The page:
Though yesterday’s sound of tomorrow sounds more like yesterday’s sound of yesterday, Ferrante and Teicher’s 1956 out-of-this-world classic, Soundproof, is pure, space-age jazz, complete with 50’s sci-fi, invaders from other planets cover. Actually, the cover photo is taken from MGM Pictures’ 1956 staple, Forbidden Planet, for those keeping score. What gets me scratching my head is that Ferrante and Teicher also release an album the same year on the same label with the same tracks as SoundBlast – The Sound of Tomorrow, but with a different, non-Forbidden Planet cover. Those cats in the 50s, am I right?!
Shake It Up is The Cars’ fourth studio album and contains the band’s first Billboard top ten hit with the title track. Released in 1981, Shake It Up sees the band continuing their unprecedented string of unquestionable classics (1978’s The Cars, 1979’s Candy-O, and 1980’s Panorama). Though I’m partial to their self-titled debut, Shake it Up, in addition to the band’s other early releases, are strikingly inexpensive to obtain. One could obtain their first five albums for roughly $2 a pop. Definitely worth the charge of admission.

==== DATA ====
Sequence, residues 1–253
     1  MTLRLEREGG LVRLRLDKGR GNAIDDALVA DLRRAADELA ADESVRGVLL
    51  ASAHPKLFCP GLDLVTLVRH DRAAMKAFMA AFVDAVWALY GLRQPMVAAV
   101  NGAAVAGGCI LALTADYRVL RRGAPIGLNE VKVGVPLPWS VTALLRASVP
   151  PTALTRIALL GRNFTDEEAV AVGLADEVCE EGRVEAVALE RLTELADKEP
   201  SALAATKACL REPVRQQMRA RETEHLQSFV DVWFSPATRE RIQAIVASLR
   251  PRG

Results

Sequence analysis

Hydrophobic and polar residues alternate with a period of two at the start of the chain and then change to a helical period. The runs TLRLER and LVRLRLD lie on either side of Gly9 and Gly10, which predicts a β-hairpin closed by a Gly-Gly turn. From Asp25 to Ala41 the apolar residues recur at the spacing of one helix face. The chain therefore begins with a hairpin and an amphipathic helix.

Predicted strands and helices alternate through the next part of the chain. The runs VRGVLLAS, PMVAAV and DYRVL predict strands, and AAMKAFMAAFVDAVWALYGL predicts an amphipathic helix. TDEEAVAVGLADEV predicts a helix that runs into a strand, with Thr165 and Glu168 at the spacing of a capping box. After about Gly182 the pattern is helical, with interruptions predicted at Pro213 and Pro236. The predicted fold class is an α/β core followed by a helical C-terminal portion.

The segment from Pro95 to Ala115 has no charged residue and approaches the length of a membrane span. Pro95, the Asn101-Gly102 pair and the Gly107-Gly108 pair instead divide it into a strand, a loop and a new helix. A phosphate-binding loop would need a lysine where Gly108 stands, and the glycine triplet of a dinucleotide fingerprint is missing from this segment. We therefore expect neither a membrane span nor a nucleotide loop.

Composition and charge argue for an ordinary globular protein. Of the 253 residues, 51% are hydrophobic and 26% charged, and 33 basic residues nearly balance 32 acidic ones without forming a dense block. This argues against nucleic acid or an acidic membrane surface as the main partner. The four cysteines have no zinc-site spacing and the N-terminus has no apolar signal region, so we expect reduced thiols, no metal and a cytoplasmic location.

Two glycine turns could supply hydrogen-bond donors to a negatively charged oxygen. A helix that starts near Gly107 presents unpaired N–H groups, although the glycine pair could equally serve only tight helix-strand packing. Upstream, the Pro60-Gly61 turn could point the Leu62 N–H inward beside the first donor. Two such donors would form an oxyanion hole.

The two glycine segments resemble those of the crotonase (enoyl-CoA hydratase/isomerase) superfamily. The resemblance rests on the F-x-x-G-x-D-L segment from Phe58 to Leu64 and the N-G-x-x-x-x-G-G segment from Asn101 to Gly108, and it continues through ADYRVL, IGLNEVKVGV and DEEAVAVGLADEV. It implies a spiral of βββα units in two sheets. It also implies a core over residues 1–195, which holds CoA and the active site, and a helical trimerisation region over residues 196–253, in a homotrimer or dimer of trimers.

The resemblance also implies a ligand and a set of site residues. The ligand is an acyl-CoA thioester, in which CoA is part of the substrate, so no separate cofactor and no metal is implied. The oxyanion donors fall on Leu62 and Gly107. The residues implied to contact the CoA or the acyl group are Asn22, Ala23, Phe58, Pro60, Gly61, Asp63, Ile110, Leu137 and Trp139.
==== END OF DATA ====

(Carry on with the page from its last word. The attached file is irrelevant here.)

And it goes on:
This copy of Jingle Bell Jazz was sought out by my better half, and contains jazz-tastic renditions of holiday favorites by Miles Davis, Herbie Hancock, The Dave Brubeck Quartet, Lionel Hampton, Duke Ellington, Chico Hamilton, among others. Recorded between 1959 and 1969, Jingle Bell Jazz was originally released by Columbia Records in 1962 (Frosty the Snowman by the Dukes of Dixieland was replaced by Herbie Hancock’s Deck the Halls on this 1980 reissue). Solid holiday music from start to finish, and a great find by my wife.